TAC 48 Index
BMC, 2000, ISBN 0 903908 271
Video + book package £15 (BMC members £12.50), booklet £4 (£2.50)
ALTHOUGH this booklet and video are described as a package, they do not seem connected, physically or otherwise. There are no references in the booklet to the video or vice versa, and the booklet does not fit in the video box.
The booklet is pretty standard fare. I have a copy of a 1974 BMC publication with the same title in A6 format and priced 40p - cheap and cheerful, illustrated with passable cartoons. The (unnamed) editors of the current booklet, however, do not see it as having this lineage as their text begins with the statement that "ten years have passed since the booklet Safety on mountains was first published." Strange. The current A5 format has colour photos and adverts rather than cartoons and lacks any hint of humour or levity.
The coverage is similar to my 1974 example but has moved on to include mobile phones and GPSs. Checking out our household's hobby horses, I found a good section on angle of slope, no mention of the ice-axe-as-ornament issue (see TAC13), but sensible comment about putting on crampons before things get too scary. There is nothing about snow shovels and only a passing reference to the altimeter as a "potentially useful aid". Trekking poles are in there with ambivalent comment, but there's a photo of a couple of women with single poles captioned, "research suggests that using two is better than one, especially with a heavy sack." TAC's pro- polers will no doubt be able to provide the full refer-ence to this research. Someone else's hobby horse is ridden in a paragraph entitled "Insulation: To layer or not to layer?" I thought this debate only applied to propagating heathers.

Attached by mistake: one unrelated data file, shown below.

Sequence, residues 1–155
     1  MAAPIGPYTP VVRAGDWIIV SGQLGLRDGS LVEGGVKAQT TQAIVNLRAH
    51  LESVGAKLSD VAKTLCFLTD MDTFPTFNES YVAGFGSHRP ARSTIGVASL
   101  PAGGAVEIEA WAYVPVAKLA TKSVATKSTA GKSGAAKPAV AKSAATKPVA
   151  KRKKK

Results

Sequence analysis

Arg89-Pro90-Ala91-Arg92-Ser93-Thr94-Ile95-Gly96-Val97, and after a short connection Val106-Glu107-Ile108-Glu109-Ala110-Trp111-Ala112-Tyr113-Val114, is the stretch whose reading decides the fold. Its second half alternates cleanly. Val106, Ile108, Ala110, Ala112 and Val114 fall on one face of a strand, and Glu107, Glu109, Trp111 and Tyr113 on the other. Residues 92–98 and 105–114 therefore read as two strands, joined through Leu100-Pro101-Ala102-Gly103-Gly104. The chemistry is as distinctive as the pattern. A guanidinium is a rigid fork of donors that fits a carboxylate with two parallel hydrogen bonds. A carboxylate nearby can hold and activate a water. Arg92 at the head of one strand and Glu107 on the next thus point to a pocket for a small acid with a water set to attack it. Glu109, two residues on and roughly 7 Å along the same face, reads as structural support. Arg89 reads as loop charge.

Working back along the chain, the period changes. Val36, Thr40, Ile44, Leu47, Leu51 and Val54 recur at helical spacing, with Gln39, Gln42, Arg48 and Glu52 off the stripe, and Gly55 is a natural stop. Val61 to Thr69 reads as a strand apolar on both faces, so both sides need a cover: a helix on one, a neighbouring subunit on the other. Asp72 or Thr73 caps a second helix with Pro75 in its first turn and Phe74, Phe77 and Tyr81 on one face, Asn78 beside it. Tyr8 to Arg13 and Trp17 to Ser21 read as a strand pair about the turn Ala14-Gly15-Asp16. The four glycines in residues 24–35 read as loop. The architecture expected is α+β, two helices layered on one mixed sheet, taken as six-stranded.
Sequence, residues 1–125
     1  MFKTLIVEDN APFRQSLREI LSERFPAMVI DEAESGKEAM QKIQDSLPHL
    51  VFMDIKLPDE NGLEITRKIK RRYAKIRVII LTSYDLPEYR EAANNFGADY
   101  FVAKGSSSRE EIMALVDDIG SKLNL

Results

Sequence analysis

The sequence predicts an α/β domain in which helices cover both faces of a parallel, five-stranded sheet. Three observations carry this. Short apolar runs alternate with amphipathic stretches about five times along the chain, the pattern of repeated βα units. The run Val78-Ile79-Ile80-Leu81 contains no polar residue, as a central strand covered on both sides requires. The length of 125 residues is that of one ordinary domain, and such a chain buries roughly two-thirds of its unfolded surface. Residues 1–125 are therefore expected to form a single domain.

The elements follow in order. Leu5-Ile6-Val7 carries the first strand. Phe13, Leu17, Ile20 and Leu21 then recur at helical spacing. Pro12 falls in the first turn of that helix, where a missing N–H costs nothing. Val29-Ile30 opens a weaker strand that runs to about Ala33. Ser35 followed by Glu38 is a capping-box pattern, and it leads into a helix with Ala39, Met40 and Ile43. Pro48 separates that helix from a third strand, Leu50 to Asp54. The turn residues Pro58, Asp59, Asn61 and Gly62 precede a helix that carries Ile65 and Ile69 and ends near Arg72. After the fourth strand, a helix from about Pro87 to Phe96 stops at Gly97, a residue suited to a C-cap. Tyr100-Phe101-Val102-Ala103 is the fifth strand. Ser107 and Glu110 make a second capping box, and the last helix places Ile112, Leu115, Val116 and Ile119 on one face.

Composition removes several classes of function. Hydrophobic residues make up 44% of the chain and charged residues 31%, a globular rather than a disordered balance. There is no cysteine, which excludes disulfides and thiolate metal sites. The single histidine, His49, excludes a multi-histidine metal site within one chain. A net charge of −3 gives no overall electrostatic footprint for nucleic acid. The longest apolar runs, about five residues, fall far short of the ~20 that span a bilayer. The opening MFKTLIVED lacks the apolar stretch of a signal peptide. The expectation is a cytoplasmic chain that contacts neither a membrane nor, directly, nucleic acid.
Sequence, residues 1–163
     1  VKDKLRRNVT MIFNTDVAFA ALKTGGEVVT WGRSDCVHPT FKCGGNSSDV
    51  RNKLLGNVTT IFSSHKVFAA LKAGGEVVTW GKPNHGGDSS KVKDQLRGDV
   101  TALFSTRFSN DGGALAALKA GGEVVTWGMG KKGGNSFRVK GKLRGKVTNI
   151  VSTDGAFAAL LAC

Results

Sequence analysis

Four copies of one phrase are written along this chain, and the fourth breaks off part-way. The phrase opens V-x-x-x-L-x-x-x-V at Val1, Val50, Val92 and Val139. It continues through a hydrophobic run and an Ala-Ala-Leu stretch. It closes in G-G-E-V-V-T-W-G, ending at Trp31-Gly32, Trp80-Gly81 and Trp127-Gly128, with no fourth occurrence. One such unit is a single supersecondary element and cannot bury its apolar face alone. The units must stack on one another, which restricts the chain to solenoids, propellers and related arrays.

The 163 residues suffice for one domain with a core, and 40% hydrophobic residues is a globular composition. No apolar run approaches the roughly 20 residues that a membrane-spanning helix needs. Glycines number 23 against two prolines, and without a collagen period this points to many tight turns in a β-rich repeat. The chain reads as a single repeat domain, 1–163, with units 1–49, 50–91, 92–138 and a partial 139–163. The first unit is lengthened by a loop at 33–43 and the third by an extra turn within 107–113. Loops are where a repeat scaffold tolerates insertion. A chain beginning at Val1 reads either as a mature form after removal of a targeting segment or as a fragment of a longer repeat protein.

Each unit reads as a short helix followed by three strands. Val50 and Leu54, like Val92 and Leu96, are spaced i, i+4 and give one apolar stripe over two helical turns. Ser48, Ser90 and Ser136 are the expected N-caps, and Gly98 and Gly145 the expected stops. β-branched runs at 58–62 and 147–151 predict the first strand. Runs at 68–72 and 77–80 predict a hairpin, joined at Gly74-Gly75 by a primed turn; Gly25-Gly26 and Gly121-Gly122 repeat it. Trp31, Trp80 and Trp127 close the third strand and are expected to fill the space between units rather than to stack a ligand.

The booklet ends with a brief bibliography including a list of magazines which inexplicably omits TAC (so they're the Bastarding MC - Ed.) and a list of organisations. These are given only as unexpanded abbreviations and the novice reader may have some difficulty guessing what MCofS stands for, let alone IMTB (MOS).
The video is not an instructional guide in the same mode, and this may be wise given the dullness of the section where classroom shots at Plas y Brenin link to outdoor practice. Instead it follows the exploits of four yuppie, 20-something walkers as they get lost on a beautiful autumn day in the Peak District, get taken up Cnicht without getting lost, get lost in the claggy Lake District, and finally see the light and make a sensible decision in the Cairngorms, where they experience typical winter (ie September to May) conditions in the corries.
There is not much human interest except perhaps wondering if the beardy guy with a silly hat is wearing it because he's bald (he is), but neither is there anything objectionable about it. I cannot imagine that anyone would watch it more than once and its main purpose must be as a time-filler for outdoor centres who run navigation courses. For a second opinion, I lent the video to a colleague who is an experienced walker but a novice navigator. She too was surprised at the lack of "this is how you do it" type instruction, pointing out that that you do not even have close-ups of the maps when they are being used outdoors.
But it did get across the messages that hills can be dangerous and that walking with a map or even a compass in your hand is not navigating: you need to switch your brain on too. And the spindrift-swept Scottish scenes do give a sense of the power of wind and cold which is rarely created in words alone. So, the book's fine but don't bother with the video. If you ever go on an organised course you're (outward) bound to see it then.
TAC 48 Index